FIG. 8 shows digital data associated with a time stamp.
FIG. 9 illustrates the raising and lowering of an inner tubing string.
FIG. 10 shows an inner tubing being lowered.
FIG. 11 shows an inner tubing stopped at a predetermined depth.
FIG. 12 shows an inner tubing being locked in a conventional manner to another casing.
FIG. 13 shows an inner tubing being stretched.
FIG. 14 shows pre-stretched inner tubing locked within an outer casing.
FIG. 15 shows a first steel sucker rod (with a pump) being lowered into an inner tubing string.
FIG. 16 shows a second steel sucker rod being lowered into an inner tubing string.
FIG. 17 shows a first fiberglass sucker rod being lowered into an inner tubing string.
FIG. 18 shows a second fiberglass sucker rod being lowered into an inner tubing string.
Referring to FIG. 1, a retractable, self-contained mobile repair unit 20 is shown to include a truck frame 22 supported on wheels 24, an engine 26, a hydraulic pump 28, an air compressor 30, a first transmission 32, a second transmission 34, a variable speed hoist 36, a block 38, an extendible derrick 40, a first hydraulic cylinder 42, a second hydraulic cylinder 44, a first transducer 46, a monitor 48, and retractable feet 50.
Engine 26 selectively couples to wheels 24 and hoist 36 by way of transmissions 34 and 32, respectively. Engine 26 also drives hydraulic pump 28 via line 29 and air compressor 30 via line 31. Compressor 30 powers a pneumatic slip 84 (FIGS. 2 and 3), and pump 28 powers a set of hydraulic tongs 66 (FIG. 4). Pump 28 also powers cylinders 42 and 44 which respectively extend and pivot derrick 40 to selectively place derrick 40 in a working position (FIG. 1) and in a lowered position (FIG. 5). In the working position, derrick 40 is pointed upward, but its longitudinal centerline 54 is angularly offset from vertical as indicated by angle 56. The angular offset provides block 38 access to a well bore 58 without interference with derrick pivot point 60. With angular offset 56, the derrick framework does not interfere with the typically rapid installation and removal of numerous inner pipe segments (known as an inner pipe string 62) and sucker rods 64 (FIG. 16).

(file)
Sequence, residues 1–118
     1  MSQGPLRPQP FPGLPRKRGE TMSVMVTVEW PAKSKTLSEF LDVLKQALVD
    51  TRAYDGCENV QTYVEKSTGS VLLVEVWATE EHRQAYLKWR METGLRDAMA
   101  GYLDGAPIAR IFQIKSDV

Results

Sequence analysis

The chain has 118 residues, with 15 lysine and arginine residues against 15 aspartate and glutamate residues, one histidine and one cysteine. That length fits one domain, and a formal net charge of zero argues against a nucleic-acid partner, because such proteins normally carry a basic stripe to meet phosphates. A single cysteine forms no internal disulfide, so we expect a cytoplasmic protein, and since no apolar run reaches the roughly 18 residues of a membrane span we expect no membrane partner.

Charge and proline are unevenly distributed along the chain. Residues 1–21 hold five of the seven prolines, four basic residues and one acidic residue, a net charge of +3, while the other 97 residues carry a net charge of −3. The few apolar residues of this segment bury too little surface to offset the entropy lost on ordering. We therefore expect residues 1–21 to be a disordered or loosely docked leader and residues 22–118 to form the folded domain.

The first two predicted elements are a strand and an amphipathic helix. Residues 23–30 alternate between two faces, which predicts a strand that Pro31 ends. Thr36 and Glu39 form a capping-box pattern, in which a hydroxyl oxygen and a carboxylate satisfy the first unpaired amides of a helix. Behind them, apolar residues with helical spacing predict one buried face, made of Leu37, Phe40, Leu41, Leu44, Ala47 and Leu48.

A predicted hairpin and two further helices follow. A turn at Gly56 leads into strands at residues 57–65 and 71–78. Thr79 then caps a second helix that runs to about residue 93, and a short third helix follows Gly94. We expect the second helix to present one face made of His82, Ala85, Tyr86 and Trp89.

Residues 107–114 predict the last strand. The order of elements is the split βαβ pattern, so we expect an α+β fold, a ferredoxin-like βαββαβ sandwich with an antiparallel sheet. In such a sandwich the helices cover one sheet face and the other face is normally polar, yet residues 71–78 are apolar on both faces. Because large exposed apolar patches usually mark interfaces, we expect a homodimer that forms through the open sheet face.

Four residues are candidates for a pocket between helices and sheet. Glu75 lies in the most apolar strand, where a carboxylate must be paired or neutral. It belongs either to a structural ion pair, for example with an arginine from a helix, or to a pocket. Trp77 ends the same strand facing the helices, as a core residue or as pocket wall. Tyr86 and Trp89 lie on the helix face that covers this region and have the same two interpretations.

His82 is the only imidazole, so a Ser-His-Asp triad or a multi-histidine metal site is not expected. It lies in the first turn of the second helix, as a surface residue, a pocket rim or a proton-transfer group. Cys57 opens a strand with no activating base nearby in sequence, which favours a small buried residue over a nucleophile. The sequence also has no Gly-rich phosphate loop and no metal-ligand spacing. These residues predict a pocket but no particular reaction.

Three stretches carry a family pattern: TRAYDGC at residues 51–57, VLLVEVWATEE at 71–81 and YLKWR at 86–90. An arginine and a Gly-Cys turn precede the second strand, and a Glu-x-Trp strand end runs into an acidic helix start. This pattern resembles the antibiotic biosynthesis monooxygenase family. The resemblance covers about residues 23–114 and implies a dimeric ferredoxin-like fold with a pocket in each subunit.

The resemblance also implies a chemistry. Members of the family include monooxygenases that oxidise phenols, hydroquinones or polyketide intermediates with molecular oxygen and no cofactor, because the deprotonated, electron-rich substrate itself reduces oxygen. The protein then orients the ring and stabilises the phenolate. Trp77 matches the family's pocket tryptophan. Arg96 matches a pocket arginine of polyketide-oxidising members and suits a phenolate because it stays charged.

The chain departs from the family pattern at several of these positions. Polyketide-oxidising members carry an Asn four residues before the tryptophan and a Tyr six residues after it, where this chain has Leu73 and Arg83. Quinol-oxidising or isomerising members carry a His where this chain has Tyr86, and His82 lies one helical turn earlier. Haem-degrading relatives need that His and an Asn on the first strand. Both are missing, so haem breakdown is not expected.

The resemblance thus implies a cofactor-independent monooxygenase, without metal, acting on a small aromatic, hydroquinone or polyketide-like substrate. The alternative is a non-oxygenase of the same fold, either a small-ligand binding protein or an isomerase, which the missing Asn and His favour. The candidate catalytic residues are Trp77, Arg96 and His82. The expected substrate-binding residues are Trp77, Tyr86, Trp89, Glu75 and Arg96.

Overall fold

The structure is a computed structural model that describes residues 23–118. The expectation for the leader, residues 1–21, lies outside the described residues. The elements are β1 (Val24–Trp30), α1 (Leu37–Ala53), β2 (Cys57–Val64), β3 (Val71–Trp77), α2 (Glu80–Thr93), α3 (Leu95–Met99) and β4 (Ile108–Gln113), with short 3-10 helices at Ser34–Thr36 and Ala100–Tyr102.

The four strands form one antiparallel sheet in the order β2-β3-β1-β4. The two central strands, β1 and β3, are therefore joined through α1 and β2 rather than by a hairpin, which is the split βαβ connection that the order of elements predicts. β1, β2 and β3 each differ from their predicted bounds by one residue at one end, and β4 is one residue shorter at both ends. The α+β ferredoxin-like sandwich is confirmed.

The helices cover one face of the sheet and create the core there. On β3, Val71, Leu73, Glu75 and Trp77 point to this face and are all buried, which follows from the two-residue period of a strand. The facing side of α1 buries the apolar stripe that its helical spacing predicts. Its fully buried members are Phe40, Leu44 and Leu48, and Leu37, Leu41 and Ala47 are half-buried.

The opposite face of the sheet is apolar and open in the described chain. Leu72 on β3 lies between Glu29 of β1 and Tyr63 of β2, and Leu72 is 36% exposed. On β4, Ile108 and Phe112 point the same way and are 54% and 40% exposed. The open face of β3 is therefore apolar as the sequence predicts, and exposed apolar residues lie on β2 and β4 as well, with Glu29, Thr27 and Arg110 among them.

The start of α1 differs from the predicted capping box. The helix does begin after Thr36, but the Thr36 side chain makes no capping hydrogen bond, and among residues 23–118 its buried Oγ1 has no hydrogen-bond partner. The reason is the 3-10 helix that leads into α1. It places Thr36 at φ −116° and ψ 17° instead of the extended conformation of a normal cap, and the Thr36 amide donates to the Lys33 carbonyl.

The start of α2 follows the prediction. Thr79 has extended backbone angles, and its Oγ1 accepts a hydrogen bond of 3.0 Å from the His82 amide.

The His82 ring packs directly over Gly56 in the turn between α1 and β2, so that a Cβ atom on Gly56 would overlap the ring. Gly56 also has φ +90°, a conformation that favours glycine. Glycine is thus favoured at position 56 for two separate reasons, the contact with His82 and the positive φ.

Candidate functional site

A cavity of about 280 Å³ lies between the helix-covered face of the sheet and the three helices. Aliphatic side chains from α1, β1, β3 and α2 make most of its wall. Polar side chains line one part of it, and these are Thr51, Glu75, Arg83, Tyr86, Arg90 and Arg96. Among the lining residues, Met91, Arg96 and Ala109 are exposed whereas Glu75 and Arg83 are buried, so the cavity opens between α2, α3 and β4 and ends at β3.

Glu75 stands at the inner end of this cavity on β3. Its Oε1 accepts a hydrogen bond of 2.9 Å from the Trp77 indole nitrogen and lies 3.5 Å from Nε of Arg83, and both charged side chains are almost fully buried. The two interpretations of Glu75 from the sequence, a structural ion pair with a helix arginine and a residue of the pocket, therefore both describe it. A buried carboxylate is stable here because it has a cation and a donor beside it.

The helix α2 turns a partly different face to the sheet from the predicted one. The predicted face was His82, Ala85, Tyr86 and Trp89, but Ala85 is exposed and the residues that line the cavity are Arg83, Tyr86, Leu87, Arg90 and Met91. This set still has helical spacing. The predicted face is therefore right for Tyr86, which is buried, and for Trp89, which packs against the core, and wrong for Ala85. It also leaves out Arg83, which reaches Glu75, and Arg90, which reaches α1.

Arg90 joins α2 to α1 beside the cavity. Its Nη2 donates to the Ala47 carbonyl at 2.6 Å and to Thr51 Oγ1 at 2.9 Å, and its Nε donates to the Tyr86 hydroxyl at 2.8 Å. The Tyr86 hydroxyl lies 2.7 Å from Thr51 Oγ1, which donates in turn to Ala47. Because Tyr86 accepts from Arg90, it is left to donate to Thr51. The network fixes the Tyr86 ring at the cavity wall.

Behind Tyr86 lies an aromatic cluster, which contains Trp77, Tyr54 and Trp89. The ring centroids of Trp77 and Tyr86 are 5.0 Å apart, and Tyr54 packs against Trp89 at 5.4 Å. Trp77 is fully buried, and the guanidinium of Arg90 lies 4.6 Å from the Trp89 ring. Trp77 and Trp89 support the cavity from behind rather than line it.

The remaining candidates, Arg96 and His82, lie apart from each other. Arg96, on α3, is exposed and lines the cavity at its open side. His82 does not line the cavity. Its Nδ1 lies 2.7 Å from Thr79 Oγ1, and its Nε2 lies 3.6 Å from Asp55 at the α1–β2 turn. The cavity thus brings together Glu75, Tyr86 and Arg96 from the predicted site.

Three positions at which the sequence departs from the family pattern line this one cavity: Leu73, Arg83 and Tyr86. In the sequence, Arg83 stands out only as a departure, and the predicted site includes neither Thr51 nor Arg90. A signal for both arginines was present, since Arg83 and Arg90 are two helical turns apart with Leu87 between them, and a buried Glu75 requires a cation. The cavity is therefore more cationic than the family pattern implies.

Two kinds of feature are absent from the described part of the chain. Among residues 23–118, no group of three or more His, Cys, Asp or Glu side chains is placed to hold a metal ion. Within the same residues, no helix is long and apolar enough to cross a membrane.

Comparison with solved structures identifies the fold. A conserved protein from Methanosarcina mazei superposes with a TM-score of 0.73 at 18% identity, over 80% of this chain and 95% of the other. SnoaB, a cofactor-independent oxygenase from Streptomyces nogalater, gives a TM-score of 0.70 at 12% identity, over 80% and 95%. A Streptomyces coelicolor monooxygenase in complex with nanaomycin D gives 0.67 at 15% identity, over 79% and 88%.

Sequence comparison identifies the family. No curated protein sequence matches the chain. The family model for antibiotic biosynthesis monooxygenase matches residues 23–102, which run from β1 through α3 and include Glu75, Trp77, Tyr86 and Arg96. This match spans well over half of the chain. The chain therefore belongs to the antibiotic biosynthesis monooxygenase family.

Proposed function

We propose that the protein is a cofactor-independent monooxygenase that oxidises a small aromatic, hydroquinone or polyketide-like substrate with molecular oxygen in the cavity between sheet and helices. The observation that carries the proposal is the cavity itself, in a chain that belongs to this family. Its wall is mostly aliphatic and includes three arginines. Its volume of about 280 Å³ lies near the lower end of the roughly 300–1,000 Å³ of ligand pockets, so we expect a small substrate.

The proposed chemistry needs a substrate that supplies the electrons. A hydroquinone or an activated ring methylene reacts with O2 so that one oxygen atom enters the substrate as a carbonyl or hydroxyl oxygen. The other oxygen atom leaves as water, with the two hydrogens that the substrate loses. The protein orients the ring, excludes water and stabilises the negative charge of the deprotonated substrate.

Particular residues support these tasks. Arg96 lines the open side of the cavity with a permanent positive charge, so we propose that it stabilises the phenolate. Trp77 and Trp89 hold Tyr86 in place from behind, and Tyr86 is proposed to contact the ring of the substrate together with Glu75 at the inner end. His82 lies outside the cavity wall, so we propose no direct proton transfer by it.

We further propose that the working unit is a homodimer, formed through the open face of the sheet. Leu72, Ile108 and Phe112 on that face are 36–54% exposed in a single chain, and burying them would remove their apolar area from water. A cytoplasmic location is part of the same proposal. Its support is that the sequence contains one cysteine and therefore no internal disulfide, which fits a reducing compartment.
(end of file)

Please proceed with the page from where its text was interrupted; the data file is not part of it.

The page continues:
Individual pipe segments (of string 62) and sucker rods 64 are screwed to themselves using hydraulic tongs 66 which are schematically illustrated in FIG. 4. The term "hydraulic tongs" used herein and below refer to any hydraulic tool that can screw together two pipes or sucker rods. An example would include those provided by B. J. Hughes company of Houston, Tex. In operation, pump 28 drives a hydraulic motor 68 forward and reverse by way of valve 70. Conceptually, motor 68 drives pinions 72 which turn wrench element 74 relative to clamp 76. Element 74 and clamp 76 engage flats 81 on mating couplings 78 of a sucker rod or inner pipe string of one conceived embodiment of the invention. However, it is well within the scope of the invention to have rotational jaws or grippers that clamp on to a round pipe (i.e., no flats) similar in concept to a conventional pipe wrench, but with hydraulic clamping. The rotational direction of motor 68 determines assembly or disassembly of couplings 78. Transducer 80 is used to provide a 0-5 VDC signal 82 that in one embodiment of the invention indicates the applied torque to couplings 78.
Referring to FIGS. 2 and 3, when installing inner pipe string segments 62, pneumatic slip 84 is used to hold pipe string 62 while the next segment 62' is screwed on using tongs 66. Compressor 30 provides pressurized air through valve 86 to rapidly clamp and release slip 84 (FIGS. 2 and 3, respectively). A tank 88 helps maintain a constant air pressure. Pressure switch 90 provides monitor 48 with a signal that indirectly indicates that repair unit 20 is in operation.